Tuesday, December 26, 2017

A New Year's Resolution Wish

A New Year's Resolution Wish
by Angela Smith, HEAL Co-Founder/National Coordinator

Many years ago when I was just starting out I had a job at a shoe store.  When I showed up for my first day at work, my manager (male) advised that he preferred the women who worked there to wear short skirts and low-cut shirts.  I rolled my eyes and wore what I thought was appropriate.  I worked there for a few months.  Every now and then he would ask me again to wear his suggested outfits.  I refused.  He also followed me around on days I wore a dress or skirt and asked me to climb the ladder to straighten high shelves while he watched from below.  I ended up quitting that job and getting a job at a car dealership as a receptionist where my immediate supervisor was a woman and the dress code was business casual.

I find it frustrating when I see women kowtow to the expectation that they dress like "street walkers" to please their employers.  I find it even more frustrating when women claim dressing in a sexually provocative manner, while demanding no one take notice or respond "normally" (as if sexually intrigued), is a matter of "women's liberation".  I find it more a matter of women's stupidity.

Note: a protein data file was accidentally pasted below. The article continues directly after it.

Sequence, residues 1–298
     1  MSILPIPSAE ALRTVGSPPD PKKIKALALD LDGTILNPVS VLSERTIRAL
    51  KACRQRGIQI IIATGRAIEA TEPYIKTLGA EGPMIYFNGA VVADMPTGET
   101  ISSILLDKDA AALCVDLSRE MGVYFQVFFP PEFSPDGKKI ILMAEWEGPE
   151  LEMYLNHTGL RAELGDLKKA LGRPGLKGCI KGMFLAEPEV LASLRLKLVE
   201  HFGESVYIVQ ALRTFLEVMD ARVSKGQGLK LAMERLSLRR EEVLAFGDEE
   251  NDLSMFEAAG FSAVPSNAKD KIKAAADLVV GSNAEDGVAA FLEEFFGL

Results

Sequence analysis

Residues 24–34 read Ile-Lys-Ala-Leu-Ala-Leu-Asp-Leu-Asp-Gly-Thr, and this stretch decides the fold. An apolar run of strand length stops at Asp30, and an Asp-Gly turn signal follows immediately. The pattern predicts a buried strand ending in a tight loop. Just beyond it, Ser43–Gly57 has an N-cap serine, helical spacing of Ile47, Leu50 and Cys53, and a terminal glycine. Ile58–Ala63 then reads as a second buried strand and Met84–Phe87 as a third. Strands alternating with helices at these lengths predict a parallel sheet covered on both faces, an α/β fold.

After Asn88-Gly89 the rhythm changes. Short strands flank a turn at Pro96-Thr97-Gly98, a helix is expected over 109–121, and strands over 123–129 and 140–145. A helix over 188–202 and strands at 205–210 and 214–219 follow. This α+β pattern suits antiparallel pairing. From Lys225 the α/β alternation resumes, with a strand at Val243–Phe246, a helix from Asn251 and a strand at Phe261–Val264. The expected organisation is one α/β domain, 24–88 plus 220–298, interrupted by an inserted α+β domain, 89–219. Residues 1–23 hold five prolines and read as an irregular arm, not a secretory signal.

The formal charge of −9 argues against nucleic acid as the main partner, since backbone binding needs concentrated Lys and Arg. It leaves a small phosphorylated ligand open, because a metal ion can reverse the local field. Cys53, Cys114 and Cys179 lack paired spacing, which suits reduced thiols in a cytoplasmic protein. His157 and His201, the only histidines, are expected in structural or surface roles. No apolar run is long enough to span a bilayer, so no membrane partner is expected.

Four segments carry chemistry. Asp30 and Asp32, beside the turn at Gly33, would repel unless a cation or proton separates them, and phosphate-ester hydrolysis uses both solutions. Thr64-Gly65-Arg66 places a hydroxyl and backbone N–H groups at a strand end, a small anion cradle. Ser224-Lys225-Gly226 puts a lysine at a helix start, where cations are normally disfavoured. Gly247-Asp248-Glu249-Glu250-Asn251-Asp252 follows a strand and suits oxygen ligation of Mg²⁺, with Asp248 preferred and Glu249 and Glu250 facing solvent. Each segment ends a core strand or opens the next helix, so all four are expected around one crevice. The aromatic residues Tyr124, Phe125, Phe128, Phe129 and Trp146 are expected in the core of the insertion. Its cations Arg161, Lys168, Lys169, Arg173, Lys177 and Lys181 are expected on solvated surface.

I would no more walk into a lion's den dressed in a suit of raw meat than walk into any office or workplace (save a strip club, gentlemen's club, or bordello) dressed in the finest from Frederick's of Hollywood or the like.  This is not because I am "conservative" and believe women shouldn't be able to wear whatever they want whenever they want.  But, I do believe women should understand that wearing sexually provocative clothing inspires sexual attention and to avoid unwelcome attention of that nature they should take precautions unless they are seeking that type of attention.